I’ve owned an apartment building in Portland’s West End, in an R-6 zone, since 1979. During that time, the neighborhood has gone through many changes.

Across the street is a bed-and-breakfast with a restaurant open to the public. A halfway house moved into the building on my right. The six-unit apartment building to my rear became six condominiums at least 10 years ago. The 11-unit to my left became 11 condos at least six years ago.

I simply cannot understand how a landlord’s one Airbnb unit could cause a change in the character of our neighborhood or detract from the available housing in the city.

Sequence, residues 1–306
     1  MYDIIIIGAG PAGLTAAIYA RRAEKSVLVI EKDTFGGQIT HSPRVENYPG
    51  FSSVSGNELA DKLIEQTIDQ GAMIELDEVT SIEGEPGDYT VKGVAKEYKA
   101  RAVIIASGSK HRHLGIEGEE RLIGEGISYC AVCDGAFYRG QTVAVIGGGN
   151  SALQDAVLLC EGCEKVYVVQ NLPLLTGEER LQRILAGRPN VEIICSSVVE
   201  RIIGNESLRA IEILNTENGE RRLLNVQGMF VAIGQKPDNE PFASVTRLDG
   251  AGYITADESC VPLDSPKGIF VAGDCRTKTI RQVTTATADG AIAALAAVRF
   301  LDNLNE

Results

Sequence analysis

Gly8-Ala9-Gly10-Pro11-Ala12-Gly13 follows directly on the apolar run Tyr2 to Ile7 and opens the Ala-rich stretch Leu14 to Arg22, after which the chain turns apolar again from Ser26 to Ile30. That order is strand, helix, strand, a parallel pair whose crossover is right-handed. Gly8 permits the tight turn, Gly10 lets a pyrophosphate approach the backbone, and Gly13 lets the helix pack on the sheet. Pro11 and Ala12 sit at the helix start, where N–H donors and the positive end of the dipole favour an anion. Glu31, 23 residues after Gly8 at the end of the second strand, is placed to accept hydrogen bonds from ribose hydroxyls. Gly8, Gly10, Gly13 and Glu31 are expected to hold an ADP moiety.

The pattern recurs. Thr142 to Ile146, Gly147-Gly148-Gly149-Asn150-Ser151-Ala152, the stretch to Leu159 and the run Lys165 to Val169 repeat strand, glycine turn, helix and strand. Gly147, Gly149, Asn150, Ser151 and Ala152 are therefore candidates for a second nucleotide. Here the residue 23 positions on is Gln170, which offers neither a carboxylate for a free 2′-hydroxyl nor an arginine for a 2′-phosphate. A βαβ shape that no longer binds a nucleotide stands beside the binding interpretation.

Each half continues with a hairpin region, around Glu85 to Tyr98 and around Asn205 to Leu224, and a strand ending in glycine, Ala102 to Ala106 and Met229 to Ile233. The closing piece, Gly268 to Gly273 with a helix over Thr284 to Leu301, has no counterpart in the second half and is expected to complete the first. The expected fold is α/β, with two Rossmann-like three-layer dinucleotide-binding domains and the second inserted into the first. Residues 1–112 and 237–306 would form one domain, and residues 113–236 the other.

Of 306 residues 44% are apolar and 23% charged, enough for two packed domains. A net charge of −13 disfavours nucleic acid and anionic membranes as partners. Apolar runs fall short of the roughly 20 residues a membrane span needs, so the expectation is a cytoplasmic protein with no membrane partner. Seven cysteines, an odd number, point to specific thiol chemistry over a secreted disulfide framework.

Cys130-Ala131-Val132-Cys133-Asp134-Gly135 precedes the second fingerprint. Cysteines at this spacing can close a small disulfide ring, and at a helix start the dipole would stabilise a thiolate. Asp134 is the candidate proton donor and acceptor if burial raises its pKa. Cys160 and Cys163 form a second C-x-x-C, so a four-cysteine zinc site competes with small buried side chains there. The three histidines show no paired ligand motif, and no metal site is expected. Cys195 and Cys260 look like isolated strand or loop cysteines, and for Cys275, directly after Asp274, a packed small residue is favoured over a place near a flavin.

The use of one unit as a short-term rental in an apartment building allows landlords to subsidize the rent of our long-term tenants and keep up with the ever-increasing new taxes, increased taxes and increased code requirements in our buildings, as well as up to $15,000 a year in maintenance and repairs required to keep a building in excellent condition.

It appears that the city of Portland has an issue with allowing its landlords to make ends meet while it rewards the conversion of large properties into condo units and B&Bs.

Bethany Angle

Cape Elizabeth